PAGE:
The aim of this study was to explore UK residents? opinions of how peer-to-peer (P2P) accommodation listings within their communities impact upon their quality of life (QoL). Seven hundred and eighty open-ended questions were collected across the UK and content analysis was conducted to investigate the textual data. It is found that 13% of UK residents held positive opinion on P2P accommodation whereas another 13% expressed negative attitude and the rest kept neutral opinions. More people believed P2P accommodation brought positive economic and negative environmental impacts on the QoL, while the social influence was neutral. Opinions of London residents on P2P accommodation are different from those of non-London residents. Practical implications are provided to policymakers based on the empirical findings.
This exploratory study aims to develop a critical understanding of how large hotel groups can define strategic sustainability objectives in order to create shared value. It is the first study to conduct a comparative analysis of the publicly available sustainability reports from the 50 largest hotel groups in the world, and to combine these with interview responses from a sample of their Corporate Social Responsibility (CSR) managers and industry sustainability experts. The richness of this data enables the investigation of complex and interdependent factors that influence strategic sustainability planning, measurement, management and reporting.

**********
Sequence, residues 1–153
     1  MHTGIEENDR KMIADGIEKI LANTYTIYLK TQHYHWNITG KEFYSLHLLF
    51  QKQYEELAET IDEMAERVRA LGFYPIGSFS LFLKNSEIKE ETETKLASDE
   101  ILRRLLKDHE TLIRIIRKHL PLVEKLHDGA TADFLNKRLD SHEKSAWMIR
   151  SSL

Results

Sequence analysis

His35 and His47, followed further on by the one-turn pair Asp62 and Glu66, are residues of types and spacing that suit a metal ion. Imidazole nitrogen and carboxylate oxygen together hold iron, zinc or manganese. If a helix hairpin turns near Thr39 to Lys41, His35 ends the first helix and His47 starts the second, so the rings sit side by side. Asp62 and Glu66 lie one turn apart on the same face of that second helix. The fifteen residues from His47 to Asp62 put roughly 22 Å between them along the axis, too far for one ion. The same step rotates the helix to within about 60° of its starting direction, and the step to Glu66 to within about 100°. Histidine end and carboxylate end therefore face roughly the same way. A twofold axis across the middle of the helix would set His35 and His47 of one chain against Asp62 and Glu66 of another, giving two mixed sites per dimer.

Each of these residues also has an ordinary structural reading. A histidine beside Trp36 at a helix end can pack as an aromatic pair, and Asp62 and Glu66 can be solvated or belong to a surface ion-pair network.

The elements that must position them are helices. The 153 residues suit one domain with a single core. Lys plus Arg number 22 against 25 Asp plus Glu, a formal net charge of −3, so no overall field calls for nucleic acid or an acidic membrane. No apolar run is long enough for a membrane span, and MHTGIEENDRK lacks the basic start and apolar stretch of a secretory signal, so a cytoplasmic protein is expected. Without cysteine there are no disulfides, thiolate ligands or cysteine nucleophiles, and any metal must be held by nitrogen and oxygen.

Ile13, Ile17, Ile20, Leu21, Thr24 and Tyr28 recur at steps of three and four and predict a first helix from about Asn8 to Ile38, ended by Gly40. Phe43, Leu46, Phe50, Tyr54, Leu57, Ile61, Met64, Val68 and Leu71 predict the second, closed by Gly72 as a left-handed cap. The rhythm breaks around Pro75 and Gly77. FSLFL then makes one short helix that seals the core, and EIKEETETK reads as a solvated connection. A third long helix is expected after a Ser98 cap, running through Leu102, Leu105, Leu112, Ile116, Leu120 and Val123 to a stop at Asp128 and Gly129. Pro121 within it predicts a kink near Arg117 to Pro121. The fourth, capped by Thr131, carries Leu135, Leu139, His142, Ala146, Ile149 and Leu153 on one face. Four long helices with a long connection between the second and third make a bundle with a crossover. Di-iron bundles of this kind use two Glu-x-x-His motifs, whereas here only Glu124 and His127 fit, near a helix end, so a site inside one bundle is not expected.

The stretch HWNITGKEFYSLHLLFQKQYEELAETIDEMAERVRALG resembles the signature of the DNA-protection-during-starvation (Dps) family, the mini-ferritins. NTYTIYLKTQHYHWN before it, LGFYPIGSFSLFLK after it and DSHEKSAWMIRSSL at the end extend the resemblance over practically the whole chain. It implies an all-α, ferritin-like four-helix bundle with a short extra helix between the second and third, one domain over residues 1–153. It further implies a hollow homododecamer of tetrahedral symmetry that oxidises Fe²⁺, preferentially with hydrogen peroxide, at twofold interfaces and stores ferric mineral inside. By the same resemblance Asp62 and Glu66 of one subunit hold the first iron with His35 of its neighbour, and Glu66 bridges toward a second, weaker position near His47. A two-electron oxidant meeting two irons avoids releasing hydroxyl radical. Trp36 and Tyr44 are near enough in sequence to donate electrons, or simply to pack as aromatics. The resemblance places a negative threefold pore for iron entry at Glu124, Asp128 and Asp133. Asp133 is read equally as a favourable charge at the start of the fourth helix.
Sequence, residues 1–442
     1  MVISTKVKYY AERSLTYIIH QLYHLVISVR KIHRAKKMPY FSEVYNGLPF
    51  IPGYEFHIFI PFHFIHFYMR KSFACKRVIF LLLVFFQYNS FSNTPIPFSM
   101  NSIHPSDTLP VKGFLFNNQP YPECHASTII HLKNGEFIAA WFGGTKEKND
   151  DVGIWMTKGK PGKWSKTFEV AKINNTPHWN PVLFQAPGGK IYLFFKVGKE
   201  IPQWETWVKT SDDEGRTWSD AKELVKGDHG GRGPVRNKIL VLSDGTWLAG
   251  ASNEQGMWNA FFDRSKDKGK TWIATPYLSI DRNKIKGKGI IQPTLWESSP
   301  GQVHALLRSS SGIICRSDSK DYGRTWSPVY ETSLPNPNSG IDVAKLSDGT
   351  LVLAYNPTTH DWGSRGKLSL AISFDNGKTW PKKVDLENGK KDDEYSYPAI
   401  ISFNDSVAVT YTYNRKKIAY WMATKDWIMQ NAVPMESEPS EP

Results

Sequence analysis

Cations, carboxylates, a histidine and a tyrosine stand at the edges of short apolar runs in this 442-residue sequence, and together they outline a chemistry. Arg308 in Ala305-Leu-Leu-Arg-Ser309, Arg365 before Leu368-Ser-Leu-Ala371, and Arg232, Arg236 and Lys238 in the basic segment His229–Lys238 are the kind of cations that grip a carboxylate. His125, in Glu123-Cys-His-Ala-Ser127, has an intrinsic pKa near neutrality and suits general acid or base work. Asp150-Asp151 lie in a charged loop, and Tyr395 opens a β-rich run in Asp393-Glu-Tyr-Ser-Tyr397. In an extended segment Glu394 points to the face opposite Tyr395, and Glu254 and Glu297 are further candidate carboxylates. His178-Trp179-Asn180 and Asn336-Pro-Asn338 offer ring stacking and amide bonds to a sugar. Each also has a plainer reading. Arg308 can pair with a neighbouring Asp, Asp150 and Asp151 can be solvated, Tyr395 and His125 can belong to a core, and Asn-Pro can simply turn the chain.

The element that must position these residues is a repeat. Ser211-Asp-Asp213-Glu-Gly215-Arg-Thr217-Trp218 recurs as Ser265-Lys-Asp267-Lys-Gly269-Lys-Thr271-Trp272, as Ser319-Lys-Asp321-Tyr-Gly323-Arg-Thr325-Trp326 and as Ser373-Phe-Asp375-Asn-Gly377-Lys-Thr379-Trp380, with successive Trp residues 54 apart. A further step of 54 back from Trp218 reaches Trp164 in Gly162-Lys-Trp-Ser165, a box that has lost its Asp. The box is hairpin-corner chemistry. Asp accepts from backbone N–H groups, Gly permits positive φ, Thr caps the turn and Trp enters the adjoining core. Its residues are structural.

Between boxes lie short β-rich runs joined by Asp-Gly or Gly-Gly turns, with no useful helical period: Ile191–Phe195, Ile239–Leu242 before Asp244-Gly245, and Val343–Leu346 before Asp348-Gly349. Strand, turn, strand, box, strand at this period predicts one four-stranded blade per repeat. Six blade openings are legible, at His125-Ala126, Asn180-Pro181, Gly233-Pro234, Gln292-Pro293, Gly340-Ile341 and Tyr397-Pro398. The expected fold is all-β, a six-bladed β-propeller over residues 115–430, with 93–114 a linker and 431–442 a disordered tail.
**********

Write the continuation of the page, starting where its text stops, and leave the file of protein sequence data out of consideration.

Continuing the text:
This study first proposes a strategic management framework, the Materiality Balanced Scorecard (MBSC), to design, communicate and realise CSR strategies that create shared value. The MBSC combines the Balanced Scorecard, and its sustainability adaptations, with the principles of inclusiveness, materiality and responsiveness of the AA1000 Stakeholder Engagement Standard. The MBSC constitutes a theoretical contribution in the emerging literature addressing the relationship between sustainability performance management and reporting.